The ceiling is low, and visitors are urged to wear a hard hat. The end of the tunnel is boarded up but has a small window, which visitors are told looks into North Korea.

“We presume there are more hidden tunnels — over 10 — but we [are] still looking for that tunnel now,” said Kim Su-yeon, a DMZ tour guide.

a small train in a station

A small train takes visitors several hundred feet underground to see the "Third Infiltration Tunnel." It is one of four tunnels discovered by South Korea, allegedly built by North Korea to launch an invasion of South Korea. This tunnel is reportedly large enough to allow 30,000 fully armed soldiers to travel through.


Stephen Nessen/PRI

After the tunnel, visitors are ushered into a small theater next door where they are required to watch a video. The scenes of explosions and newsreel footage of crying families and dead bodies is a reminder of the South’s tense relationship with the North. But the film also reminds viewers that, not too long ago, Korea was one nation and it could be again.

“Korea has overcome the pain of war and achieved miraculous economic growth. And another miracle that we must achieve as we pursue harmony and coexistence, unification."

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Before leaving the DMZ the train stops at a station that looks like a Hollywood set. The Dorason Station, opened in 2014, is bright and airy with its own bustling gift shop.

One train arrives here from Seoul every day. For now, this is the northernmost stop on the line. 

Posted on the wall is a giant map of a route that doesn’t currently exist— from Seoul, through North Korea to China and on to Russia.

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South Korean guards in camouflage and black helmets stand in front of an entrance to the tracks where the lights are off. Tourists line up to take pictures in front of a train sign that reads "To Pyeongyang (the capital of North Korea spelled using a southern dialect)." Some make little hearts with the fingers.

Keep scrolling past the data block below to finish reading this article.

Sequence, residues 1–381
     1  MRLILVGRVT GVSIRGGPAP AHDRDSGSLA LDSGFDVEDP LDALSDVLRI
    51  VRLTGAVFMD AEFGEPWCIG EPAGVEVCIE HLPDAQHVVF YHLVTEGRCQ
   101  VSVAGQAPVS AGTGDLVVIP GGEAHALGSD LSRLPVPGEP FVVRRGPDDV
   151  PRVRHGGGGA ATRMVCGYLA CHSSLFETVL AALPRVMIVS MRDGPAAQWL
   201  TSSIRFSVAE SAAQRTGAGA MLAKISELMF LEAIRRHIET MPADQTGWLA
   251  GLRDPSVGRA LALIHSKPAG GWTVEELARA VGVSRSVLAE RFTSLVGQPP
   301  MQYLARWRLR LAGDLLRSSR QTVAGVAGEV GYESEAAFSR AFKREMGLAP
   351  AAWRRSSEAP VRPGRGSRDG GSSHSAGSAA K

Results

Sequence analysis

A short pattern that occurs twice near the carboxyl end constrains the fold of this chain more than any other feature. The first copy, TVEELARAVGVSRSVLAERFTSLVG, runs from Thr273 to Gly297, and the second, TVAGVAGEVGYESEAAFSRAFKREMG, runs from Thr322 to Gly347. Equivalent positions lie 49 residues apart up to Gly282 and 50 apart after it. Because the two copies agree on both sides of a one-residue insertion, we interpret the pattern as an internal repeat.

To women pose for photos at the Dorasan station

Tourists pose for photos at the Dorasan station where trains from Seoul arrive once a day. A sign above the entrance reads "To Pyeongyang" (spelled using a southern dialect). Some day, trains may run from Seoul through North Korea and on to China and Russia.


Stephen Nessen/PRI

It’s the closest most South Koreans have ever gotten to their neighbors in the North.

One of them is Kim Cho-long, 29, who is on a tour with her company. She believes unification is possible. But on this day, she just wants to learn more about the history and see what it’s like at the DMZ.

“We wanted to feel the good mood that is going on between South and North Koreas these days. We wanted to come here to feel the mood and learn lessons,” she said.

Tourists from China and Russia have reportedly been flooding North Korea to get a glimpse of the DMZ from that side. But earlier this month the North’s leader, Kim Jong-un, blocked all tourist visas until after the 70th anniversary celebration of his country's birth on Sept. 9. After that, another round of talks between the North and South are scheduled, possibly bringing the nations a little bit closer to each other.

Reporting for this story was made possible by a fellowship from the East-West Center and the Korea Press Foundation.